November 25, 2017: As the Tories have trotted out the same uploading plan as in the last election, I’m reminding folks that their scheme simply does not hold water. The numbers here are from 2014, and in due course I might getting around to updating them with 2017 or 2018 data. But it won’t change the conclusions.
This article was originally published in May 2014.
The madness that passes for political policy in Toronto continues in the provincial election with a proposal that a Tory administration under Tim Hudak would transfer control of the rapid transit system to GO Transit as a regional asset. The conventional wisdom is that the subway on its own would be “profitable”, and that Toronto would be stiffed for the money-losing surface network.
Quite bluntly, any claim that the subway makes a profit and could be uploaded at no net cost to Queen’s Park is pure bunk, and it says something about the quality of Hudak’s advisors that they don’t seem to know this (among many other fiscal facts of life). Just like the operation of a house or a car, two things many voters must deal with day-to-day, there are two budgets:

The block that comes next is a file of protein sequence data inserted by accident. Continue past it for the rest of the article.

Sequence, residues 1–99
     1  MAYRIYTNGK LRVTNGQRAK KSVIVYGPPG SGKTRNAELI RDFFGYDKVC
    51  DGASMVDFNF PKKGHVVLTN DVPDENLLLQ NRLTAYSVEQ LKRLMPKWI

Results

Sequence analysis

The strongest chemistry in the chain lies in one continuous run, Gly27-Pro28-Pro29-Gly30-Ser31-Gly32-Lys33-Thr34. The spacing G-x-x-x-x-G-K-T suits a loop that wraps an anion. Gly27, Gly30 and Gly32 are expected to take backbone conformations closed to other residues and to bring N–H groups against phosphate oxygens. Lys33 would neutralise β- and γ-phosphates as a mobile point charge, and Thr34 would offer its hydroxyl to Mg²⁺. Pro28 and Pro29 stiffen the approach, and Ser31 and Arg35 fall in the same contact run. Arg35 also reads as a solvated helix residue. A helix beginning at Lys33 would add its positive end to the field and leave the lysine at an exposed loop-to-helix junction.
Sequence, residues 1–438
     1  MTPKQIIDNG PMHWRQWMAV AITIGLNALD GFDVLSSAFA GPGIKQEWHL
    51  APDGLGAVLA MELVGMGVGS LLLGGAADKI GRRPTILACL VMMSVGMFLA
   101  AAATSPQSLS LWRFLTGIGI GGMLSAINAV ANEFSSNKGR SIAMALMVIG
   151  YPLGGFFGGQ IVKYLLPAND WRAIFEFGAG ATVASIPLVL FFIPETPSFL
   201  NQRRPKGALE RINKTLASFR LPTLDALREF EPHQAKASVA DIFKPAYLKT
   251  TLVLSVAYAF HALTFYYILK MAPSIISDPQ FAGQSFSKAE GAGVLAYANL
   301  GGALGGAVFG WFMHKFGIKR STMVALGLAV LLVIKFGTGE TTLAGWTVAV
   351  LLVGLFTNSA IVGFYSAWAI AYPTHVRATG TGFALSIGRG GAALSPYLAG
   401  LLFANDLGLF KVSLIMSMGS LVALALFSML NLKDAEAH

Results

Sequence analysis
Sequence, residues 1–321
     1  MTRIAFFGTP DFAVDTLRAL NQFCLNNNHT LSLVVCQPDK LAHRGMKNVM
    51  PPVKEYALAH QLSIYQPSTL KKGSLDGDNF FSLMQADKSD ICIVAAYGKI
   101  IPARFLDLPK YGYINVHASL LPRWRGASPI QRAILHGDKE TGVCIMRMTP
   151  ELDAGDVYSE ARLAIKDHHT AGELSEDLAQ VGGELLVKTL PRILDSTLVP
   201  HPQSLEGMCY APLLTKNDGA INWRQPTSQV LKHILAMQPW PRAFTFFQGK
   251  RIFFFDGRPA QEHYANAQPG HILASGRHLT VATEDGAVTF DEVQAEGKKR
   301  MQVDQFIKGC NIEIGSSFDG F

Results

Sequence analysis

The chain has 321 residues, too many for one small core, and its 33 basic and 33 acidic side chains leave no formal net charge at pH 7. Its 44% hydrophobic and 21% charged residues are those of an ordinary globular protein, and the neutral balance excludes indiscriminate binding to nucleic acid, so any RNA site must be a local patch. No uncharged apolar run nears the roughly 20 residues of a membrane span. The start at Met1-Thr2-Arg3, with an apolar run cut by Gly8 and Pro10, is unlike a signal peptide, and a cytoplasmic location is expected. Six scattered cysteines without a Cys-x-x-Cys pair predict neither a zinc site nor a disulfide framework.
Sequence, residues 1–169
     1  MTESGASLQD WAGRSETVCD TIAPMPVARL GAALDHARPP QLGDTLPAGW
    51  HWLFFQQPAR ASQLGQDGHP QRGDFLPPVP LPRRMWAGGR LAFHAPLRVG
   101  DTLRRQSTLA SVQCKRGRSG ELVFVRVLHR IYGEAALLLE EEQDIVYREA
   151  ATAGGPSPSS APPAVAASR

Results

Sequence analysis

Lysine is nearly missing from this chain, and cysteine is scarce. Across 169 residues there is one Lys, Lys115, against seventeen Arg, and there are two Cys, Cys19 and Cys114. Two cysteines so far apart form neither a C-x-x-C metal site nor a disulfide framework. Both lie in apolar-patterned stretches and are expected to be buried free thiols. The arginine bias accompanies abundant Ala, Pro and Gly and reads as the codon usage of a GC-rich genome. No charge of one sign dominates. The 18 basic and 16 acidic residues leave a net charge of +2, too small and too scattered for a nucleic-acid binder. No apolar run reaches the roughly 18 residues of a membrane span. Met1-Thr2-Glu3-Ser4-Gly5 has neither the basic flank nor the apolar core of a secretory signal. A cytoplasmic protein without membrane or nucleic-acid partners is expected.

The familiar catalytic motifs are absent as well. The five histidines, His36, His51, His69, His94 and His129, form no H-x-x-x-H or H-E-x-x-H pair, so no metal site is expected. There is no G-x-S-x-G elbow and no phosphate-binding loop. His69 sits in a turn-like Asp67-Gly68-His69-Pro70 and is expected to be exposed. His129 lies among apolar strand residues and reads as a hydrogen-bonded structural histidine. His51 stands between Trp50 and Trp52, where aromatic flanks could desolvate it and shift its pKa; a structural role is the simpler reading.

- Operating: Here we have the bills that roll in regularly such as taxes, utilities, insurance. Unless we are renting out our homes or vehicles, there is no offsetting revenue, but in the case of the subway, there are fares and other much smaller sources of income.
- Capital: Now and then, major expenses come along such as a new roof or foundation repairs, a new furnace or other appliances, fixing the plumbing and electrics, building that nice new patio you always wanted. These don’t happen often, and the expense covers an asset that should last decades, but some level of capital spending is unavoidable.
I have omitted mortgage costs here because they do not have a direct equivalent in transit budgets where the cost of borrowed money is not visible. If this were included, then capital-intensive modes like the subway would have a higher operating cost with the debt service charges included.